SM: Where did you get the idea for your current venture? What is your domain experience in the segment? Any particular reason that led you up to this venture?
JW: I co-founded my first startup in 1997, with that same roommate from Boston. While trying to raise capital and recruit a head of engineering, the potential VP ended up recruiting us into SegaSoft Networks. I became the Director of Product Development. We started from scratch and made an amazing start to building what would have looked like Xbox Live Arcade, had it shipped. (Our system was eventually sold to Nokia and became the gaming network for the N-Gage.)
On top of the great technology, great team, and the fact that we were getting paid to make a video game network, the head of the (parent) company was an inspiring man. Okawa-san lived in Japan when the bombs were dropped on Hiroshima and Nagasaki. It was his dream to end war by uniting the children of the world through multiplayer gaming, and he used some of his billions to make sure a modem shipped with the Dreamcast console. Unfortunately, SEGA couldn’t hold itself together.
After ‘vacationing’ for a luxurious 14 hours, I moved next door to Macromedia to help spin Shockwave.com out as the premier internet entertainment destination. We quickly built a sizable audience of well over 10 million monthly unique visitors. This was before most ‘normal’ people had Internet access, period, let alone broadband. I ran product management and then the games business, which was responsible for most of the traffic and revenue but was definitely the less sexy part of the company.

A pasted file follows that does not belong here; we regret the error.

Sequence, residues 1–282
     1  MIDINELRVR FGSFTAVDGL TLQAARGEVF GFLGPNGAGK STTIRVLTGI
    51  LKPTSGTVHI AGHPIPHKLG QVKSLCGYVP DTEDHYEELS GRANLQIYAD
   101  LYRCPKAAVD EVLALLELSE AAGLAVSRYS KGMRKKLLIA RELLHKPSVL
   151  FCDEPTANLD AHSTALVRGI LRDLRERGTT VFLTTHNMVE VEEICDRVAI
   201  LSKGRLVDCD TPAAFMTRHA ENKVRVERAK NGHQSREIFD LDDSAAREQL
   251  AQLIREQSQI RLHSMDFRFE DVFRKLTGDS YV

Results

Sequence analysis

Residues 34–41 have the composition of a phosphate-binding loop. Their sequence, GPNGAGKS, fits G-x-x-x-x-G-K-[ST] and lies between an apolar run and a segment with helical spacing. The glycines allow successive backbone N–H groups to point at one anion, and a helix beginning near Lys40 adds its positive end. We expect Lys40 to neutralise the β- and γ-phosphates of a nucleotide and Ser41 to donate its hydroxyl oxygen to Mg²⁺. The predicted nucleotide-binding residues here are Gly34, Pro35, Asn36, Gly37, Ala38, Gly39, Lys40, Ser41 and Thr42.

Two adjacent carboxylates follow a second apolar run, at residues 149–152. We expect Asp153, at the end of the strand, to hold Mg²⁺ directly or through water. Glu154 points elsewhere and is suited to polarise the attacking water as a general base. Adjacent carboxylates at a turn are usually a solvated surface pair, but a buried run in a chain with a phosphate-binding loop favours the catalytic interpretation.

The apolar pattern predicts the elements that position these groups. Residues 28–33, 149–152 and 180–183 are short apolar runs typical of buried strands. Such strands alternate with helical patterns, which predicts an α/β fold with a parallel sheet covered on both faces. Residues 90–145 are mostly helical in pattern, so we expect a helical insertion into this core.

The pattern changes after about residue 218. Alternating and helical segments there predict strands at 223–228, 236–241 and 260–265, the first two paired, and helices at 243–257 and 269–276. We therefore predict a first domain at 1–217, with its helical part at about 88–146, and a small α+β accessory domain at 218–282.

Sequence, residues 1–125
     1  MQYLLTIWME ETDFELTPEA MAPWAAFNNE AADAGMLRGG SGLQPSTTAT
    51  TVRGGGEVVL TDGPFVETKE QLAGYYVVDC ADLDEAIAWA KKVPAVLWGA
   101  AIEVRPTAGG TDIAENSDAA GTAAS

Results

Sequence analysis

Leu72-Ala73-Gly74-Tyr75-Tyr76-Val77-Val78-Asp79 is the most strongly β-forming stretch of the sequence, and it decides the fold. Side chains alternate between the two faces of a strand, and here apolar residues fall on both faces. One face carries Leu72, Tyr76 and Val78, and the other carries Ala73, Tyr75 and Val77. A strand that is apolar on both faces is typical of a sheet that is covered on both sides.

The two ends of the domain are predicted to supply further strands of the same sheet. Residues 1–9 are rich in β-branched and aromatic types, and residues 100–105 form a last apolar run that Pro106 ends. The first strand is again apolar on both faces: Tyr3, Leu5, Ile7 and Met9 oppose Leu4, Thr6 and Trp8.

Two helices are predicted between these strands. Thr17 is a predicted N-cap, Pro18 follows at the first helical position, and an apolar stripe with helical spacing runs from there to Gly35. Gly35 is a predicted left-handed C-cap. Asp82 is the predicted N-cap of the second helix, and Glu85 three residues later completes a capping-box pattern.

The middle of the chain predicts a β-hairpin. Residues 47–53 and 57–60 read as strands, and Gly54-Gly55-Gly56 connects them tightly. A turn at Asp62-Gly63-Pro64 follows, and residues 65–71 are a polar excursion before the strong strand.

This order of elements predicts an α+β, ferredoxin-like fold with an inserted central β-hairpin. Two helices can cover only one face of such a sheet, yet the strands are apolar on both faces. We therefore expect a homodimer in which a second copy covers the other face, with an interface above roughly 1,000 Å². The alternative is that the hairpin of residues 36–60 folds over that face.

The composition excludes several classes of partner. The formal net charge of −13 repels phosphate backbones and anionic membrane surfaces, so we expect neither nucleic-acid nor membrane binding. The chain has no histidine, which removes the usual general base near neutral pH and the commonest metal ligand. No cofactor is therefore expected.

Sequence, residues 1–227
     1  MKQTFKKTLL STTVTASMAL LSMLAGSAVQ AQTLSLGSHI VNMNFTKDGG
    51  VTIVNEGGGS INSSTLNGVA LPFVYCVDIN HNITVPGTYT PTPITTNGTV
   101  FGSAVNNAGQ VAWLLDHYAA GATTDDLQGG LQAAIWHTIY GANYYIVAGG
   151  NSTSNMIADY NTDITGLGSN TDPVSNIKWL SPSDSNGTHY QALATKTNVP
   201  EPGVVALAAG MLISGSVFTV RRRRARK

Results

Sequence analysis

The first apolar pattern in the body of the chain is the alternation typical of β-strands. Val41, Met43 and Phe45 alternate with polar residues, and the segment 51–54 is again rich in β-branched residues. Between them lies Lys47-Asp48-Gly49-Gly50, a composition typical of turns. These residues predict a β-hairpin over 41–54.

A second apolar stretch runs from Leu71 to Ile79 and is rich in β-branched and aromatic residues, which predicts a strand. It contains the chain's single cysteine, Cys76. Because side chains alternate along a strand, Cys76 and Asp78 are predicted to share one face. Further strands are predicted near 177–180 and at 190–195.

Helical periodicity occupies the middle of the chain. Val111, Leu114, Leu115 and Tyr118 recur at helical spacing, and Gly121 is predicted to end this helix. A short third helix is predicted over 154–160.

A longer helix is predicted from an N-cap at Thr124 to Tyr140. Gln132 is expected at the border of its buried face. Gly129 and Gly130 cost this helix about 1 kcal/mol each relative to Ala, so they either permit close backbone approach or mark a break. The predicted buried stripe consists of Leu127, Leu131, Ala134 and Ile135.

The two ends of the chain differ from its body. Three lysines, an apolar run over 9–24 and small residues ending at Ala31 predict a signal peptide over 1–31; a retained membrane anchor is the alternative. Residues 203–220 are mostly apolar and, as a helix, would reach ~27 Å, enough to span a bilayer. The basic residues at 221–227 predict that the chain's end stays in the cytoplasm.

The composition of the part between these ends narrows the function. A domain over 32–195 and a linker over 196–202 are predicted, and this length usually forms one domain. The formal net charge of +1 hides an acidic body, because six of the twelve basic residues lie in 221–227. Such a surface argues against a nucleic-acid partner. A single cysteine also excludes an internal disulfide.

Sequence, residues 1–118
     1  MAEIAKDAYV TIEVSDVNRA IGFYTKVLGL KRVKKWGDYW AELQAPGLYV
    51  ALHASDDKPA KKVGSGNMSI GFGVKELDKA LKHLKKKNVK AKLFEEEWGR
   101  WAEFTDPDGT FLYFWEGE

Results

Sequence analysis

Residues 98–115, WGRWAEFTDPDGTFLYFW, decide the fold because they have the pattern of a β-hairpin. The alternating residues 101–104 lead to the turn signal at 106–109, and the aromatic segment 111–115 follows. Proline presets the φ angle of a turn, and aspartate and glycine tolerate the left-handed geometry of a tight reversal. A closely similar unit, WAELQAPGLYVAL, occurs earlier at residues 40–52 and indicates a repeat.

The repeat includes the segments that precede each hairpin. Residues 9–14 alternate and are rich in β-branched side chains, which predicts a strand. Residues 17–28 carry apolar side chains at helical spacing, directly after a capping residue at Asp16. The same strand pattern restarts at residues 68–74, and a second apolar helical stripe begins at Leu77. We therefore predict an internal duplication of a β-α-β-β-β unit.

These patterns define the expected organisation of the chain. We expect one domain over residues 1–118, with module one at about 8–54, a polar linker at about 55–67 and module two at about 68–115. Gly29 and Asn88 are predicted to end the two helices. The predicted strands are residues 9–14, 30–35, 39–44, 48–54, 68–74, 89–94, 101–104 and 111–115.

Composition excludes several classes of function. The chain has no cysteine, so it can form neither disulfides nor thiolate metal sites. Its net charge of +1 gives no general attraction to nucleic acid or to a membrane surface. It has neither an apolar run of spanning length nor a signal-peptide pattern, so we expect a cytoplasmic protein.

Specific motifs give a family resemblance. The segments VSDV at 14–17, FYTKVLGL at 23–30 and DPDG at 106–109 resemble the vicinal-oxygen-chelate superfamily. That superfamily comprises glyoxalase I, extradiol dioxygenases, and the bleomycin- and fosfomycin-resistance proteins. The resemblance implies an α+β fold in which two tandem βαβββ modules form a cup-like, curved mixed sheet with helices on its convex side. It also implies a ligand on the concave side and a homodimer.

I found myself in the fortunate position to lead the team building the first purely digital internet game service. On May 1, 2001 we launched a downloadable game product that was a composition of ten Midway games including Spy Hunger, Rampage, Defender, Joust, and Tapper. The game was free to try but a $20 credit card charge was required to purchase and own forever. The reasons to buy were to play full-screen, offline, and to have access to the arcade operator settings that controlled difficulty. Those arcade machines were meant to eat quarters quickly, which could be very frustrating, whereas we wanted to sell people an experience optimized for longer sessions. The user experience was simple, compelling, and sold beyond expectations. A new industry was born!